In an interview with Bloomberg, Apple CEO Tim Cook revealed that the company has helped United Kingdom officials in their investigations on the series of terrorist attacks launched within the country.
Apple has reportedly released metadata to UK officials to assist with the investigations. Is this different from breaking encryption, which the company refused to do so for the FBI last year?
Apple Hands Over Metadata To UK Officials
In the interview, held after the first day of Apple's WWDC 2017, Cook was asked on Apple's stance regarding the issues of privacy and security amid the terror attacks happening around the world.
"We have been cooperating with the U.K. government not only in law enforcement kind of matters but on some of the attacks," Cook answered.
Cook added that while he could not give further details, Apple provided the information promptly once the lawful process is followed.
The issue is once again in the spotlight due to a third terror attack in the UK in less than three months. A group of terrorists on the evening of June 3 swerved a van into people on London Bridge, then went on a stabbing spree using knives. Last month, a suicide bomber killed more than 20 people in Manchester after an Ariana Grande concert. In March, a lone attacker rammed into pedestrians on Westminster Bridge before stabbing a police officer outside Parliament.
Cook did not specify which attacks required Apple's assistance. There has been little detail on how the terrorists communicated with one another to plan the attacks, but Cook said that he believes Apple provided valuable information to the investigations.
Metadata vs. Encryption
Last year, Apple clashed with the FBI regarding the issue of encryption, particularly regarding the iPhone of one of the shooters in the San Bernardino tragedy of December 2015. The FBI wanted Apple to break the encryption of the iPhone through a special version of the iOS to look into the shooter's communications. However, Apple refused to do so, claiming that there is no way to guarantee control over such software that can bypass the iPhone's encryption.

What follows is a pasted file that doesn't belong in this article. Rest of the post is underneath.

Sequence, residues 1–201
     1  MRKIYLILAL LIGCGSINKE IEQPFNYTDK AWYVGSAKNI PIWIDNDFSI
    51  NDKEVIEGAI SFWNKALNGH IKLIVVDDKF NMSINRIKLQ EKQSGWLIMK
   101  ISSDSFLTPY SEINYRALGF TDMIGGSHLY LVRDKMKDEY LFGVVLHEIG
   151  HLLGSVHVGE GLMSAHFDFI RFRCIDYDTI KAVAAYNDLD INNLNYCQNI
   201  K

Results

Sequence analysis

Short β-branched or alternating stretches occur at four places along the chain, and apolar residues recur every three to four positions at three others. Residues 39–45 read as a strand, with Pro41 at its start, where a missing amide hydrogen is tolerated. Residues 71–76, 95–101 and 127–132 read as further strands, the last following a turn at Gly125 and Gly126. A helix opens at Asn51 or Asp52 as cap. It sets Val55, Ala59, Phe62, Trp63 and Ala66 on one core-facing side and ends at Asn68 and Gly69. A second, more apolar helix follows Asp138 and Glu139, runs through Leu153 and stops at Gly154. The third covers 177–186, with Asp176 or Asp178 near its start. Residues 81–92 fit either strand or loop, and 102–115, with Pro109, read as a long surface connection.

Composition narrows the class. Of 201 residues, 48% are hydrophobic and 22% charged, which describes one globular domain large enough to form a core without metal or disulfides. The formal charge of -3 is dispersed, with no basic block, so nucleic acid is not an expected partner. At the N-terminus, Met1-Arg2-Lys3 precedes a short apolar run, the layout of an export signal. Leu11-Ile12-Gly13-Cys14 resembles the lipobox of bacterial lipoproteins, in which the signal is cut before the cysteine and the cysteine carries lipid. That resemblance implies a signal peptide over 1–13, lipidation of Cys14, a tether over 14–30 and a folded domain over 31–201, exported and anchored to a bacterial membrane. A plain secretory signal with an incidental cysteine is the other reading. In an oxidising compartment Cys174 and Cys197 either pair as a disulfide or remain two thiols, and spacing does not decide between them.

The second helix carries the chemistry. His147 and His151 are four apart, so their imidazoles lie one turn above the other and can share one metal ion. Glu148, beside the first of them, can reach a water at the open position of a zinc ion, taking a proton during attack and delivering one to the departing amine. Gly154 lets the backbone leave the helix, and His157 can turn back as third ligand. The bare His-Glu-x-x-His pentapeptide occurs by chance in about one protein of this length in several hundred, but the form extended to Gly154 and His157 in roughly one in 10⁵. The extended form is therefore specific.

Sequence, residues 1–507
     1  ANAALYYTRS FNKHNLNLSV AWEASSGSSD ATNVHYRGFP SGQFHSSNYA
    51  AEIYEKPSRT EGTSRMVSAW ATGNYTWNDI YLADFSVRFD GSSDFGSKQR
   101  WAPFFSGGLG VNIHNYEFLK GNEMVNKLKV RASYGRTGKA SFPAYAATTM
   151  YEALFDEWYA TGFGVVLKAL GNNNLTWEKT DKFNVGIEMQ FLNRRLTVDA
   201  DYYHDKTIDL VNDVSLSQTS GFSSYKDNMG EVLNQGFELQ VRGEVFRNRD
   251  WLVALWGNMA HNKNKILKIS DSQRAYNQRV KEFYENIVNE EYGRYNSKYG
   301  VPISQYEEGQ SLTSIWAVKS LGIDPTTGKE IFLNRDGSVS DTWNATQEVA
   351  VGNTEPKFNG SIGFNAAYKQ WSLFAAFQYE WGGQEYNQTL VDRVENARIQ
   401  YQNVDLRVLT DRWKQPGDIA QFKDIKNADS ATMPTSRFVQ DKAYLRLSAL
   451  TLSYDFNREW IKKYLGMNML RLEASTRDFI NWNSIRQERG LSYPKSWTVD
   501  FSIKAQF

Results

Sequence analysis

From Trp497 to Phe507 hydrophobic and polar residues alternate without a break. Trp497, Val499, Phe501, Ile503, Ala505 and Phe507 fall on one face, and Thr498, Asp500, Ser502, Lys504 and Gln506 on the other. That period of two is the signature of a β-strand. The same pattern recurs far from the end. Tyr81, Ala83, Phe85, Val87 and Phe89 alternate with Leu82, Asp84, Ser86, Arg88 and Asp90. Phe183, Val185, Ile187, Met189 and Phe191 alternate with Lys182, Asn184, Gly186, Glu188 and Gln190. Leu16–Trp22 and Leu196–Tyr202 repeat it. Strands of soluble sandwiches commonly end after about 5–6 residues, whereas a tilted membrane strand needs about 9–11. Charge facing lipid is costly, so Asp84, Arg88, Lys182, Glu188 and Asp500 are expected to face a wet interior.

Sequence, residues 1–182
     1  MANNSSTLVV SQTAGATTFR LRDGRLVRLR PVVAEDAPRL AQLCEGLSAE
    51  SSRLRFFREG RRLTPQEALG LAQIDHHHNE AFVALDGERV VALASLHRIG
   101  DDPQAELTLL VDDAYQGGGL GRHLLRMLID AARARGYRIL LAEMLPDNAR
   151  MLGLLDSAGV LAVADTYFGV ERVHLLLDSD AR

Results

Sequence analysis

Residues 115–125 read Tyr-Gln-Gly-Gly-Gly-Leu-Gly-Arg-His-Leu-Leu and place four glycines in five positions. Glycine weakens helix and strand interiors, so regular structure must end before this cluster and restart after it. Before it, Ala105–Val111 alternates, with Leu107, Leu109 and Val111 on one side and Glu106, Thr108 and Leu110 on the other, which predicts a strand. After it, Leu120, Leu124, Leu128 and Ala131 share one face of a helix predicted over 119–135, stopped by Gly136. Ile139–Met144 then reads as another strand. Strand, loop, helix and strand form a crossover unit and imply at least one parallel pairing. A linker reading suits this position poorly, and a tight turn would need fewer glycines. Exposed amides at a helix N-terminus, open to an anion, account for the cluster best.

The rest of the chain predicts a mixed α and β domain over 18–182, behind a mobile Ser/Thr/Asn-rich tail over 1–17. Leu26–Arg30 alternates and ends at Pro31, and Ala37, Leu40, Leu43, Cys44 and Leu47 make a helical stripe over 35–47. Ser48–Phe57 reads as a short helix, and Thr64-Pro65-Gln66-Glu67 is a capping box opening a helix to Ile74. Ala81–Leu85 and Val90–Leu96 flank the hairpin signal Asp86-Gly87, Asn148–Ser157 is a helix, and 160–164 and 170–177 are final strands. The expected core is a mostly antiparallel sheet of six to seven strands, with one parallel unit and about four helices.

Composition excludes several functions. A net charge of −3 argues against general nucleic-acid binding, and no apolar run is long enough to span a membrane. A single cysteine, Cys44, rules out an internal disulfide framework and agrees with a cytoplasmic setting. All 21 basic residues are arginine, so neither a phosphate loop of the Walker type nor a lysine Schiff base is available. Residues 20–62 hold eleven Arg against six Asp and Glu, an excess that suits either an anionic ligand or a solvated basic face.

Cook, however, clarified that providing metadata is different from breaking encryption.
"Encryption doesn't mean there's no information," Cook said, noting that metadata, which still exists despite encryption, can help authorities put together a profile for an attacker. Metadata reveals details regarding sent and received messages, including the time, location, and contacts involved, but not the content of these messages.
Metadata, therefore, already provides extremely helpful information to investigators without Apple defying its promise of protecting user data through encryption.
Cook Dismayed Over US Withdrawal From Paris Agreement
In the same interview, Cook expressed dismay over President Donald Trump's decision to withdraw the United States from the Paris agreement on climate change.
"He decided wrong," Cook said, adding that the move was not in the best interest of the country. Cook is said to have talked with Trump before the president's decision, urging him to keep the United States in the climate accord, which covers initiatives that look to reduce pollution and lessen the effects of climate change.